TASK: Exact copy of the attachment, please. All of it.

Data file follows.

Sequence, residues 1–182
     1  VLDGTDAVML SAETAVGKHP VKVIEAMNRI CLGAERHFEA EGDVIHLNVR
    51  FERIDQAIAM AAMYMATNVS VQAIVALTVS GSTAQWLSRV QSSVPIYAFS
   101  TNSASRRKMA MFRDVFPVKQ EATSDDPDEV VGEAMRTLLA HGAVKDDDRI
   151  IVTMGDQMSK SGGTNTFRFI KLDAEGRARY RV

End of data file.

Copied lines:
Sequence, residues 1–182
     1  VLDGTDAVML SAETAVGKHP VKVIEAMNRI CLGAERHFEA EGDVIHLNVR
    51  FERIDQAIAM AAMYMATNVS VQAIVALTVS GSTAQWLSRV QSSVPIYAFS
   101  TNSASRRKMA MFRDVFPVKQ EATSDDPDEV VGEAMRTLLA HGAVKDDDRI
   151  IVTMGDQMSK SGGTNTFRFI KLDAEGRARY RV